Special Telegram to Illinois State Journal.
AUBURN, ILL. , August 16, - Yesterday our quiet village was thrown into a whirlpool of excitement by the announcement that Walter Ney was murdered by Joseph Lockridge. Hastening at once to the scene of conflict your correspondent found the wounded man in a dangerous condition. Dr. Palmer of Joliet were called and dressed the wound, which proved to be a laceration of the skull. They entertained no hopes of recovery. The cause of the affray was this:
It seems that one of Lochridge's chickens died and he threw it over into the street, which proved to be near Ney's door yard. Ney threw it back. Lockridge repeated, and Ney threw it at him, telling him at the time he (Hey) would shoot him, simultaneously drawing a revolver and firing. Lockridge, in the meantime, picked up a club and started in pursuit of Ney, whom the latter backed out of his way, firing as he went, but was finally overtaken by Lochridge, who dealt him two severe blows just back of the left temple, breaking the skull and causing an aperture about an inch in diameter. It is a ghastly wound inflicted by a club about three feet long and triangular in shape. Ney is still living this morning, but is momentarily expedited to die. the preliminary examination is going on before Esq. Parks. Considerable excitement prevails on the streets this morning.
LATER - Lockridge was first arrested on a warrant charging him with assault and battery, but before proceeding with the examination another warrant was issued, in which he was charged with an assault with intent to kill.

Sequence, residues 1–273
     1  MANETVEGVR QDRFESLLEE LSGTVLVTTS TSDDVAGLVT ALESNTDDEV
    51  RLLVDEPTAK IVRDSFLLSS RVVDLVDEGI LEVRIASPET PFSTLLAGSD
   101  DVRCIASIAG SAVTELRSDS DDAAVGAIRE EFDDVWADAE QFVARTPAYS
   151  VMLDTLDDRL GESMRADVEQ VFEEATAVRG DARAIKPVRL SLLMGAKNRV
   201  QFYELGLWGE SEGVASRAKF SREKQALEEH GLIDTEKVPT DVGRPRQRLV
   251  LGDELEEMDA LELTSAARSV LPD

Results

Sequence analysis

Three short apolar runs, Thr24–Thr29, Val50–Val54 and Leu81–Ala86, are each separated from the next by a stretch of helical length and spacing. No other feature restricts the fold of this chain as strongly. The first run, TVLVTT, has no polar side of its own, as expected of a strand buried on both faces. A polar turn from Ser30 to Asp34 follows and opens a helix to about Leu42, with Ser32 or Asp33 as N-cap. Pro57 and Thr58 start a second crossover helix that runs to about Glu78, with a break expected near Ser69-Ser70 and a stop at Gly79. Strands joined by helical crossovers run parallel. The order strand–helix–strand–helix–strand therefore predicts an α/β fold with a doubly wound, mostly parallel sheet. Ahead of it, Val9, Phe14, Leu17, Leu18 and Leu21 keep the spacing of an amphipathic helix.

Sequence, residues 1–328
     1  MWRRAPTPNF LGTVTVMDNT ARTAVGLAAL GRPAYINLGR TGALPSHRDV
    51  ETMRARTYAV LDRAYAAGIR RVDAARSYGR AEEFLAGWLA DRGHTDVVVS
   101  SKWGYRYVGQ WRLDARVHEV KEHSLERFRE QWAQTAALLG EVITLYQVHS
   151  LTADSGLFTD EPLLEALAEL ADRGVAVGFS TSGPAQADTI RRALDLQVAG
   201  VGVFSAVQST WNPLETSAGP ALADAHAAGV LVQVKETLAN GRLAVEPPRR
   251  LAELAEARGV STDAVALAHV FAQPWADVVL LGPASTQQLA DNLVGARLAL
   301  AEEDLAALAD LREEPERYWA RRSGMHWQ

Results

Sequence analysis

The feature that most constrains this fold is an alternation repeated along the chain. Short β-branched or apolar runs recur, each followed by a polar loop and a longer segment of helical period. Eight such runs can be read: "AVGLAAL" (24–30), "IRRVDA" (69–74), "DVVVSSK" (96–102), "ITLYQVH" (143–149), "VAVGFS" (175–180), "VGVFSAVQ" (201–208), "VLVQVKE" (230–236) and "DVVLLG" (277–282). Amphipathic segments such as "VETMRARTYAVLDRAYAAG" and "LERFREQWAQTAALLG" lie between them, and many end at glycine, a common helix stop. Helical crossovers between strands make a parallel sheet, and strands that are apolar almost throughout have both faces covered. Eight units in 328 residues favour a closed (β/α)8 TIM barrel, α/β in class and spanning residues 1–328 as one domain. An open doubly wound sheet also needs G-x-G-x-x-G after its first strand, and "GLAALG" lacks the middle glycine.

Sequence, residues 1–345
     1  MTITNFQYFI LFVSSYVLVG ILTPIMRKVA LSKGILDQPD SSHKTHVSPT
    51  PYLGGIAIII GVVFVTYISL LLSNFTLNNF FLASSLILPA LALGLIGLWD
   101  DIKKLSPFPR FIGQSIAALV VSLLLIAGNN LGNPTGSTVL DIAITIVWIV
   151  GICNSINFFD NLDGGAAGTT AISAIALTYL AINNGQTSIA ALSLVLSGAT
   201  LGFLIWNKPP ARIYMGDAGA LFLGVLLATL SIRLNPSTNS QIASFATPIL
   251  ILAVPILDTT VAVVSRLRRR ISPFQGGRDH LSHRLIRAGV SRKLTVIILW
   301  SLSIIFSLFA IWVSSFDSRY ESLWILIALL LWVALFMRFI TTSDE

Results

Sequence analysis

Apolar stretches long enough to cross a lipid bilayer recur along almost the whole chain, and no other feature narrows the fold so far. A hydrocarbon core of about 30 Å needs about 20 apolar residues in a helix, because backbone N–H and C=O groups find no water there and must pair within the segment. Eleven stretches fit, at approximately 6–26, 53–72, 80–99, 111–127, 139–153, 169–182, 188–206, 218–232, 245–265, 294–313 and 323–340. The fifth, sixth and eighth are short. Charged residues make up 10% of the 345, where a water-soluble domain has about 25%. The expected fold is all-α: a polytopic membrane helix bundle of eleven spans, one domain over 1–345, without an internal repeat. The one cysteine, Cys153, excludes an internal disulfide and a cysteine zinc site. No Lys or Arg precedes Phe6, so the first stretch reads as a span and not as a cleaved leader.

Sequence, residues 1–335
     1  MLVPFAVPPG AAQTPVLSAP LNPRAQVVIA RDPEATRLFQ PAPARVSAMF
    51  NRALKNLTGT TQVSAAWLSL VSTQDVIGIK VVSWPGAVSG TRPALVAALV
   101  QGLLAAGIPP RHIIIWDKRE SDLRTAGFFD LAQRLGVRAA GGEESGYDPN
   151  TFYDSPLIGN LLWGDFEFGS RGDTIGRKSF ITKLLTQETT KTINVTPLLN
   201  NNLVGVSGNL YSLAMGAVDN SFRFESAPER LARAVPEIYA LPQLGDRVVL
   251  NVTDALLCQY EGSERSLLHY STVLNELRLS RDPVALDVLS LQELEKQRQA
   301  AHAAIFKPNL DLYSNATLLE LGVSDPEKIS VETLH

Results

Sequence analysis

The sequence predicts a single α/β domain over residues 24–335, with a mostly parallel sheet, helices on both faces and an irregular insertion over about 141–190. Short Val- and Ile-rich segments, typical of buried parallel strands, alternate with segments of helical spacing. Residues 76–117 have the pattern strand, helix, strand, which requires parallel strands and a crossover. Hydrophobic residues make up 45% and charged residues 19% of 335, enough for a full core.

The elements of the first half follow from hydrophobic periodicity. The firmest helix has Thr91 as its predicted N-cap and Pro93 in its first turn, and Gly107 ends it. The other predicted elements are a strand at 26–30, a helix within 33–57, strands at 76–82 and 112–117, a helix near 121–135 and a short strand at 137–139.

Auburn Citizen, August 19, 1875
On Sunday forenoon our town was the scene of a terrible affray between two men of this town. Jos. H. Lochridge and Walter Ney, whose premises are contiguous, and between whom a feud has been existing for some months.
From what we can learn, the facts are substantially as follows: A dead fowl was thrown over the fence by some of Lochridge's family during last week, and on Sunday Morning thrown back into L's yard by Ney. Mrs. L. again threw it out and it was again returned by N. Lochridge came home shortly, having been absent, and threw the fowl out again. Hereupon started the quarrel between the two men, which proceeded from crimination to recrimination, when Ney, pulled out a revolver, they being but four or five yards apart and fired at Lochridge three times without touching him. Meanwhile Lochridge seized a part of a heavy barrel stave and struck Ney on the head twice, once over the ear and once neat the base of the brain, on one side. Both blows fractured the skull.
Lochridge was taken in charge by Constable Cary, and on Monday had a preliminary examination before Justice Parks.
The warrant charged him with assault and battery, but before proceeding with the case, another warrant was issued, charging him with assault with attempt to kill.
A large number of witnesses were summoned, and the case occupied the whole day. Esq. Williams sat on the bench as associate. A. P. Stover appeared for the people, and Geo. W. Murray for the defense. The pleas of both lawyers were highly creditable efforts. About ½ past seven o'clock the case closed with a verdict for acquittal.
AS we go to press Ney is still living and some hopes are entertained of his recovery, though out of his head a good part of the time and unmanageable.
Lochridge is an old settler in this vicinity. Ney is a Canadian, and has been about here some six or eight years. Both are married Men.
Note from George Keane:
My best guess is that this is Joseph H. Lochridge born about 1824, spouse Elizabeth Wallace Frazier. His parents John Lockridge, b. 17 Jul, 1789, and Margaret Killough b. abt 1791.
Lineage. John Lockridge Rev. War Patriot; William A. Lockridge; John Lockridge
Submitted by: George Keane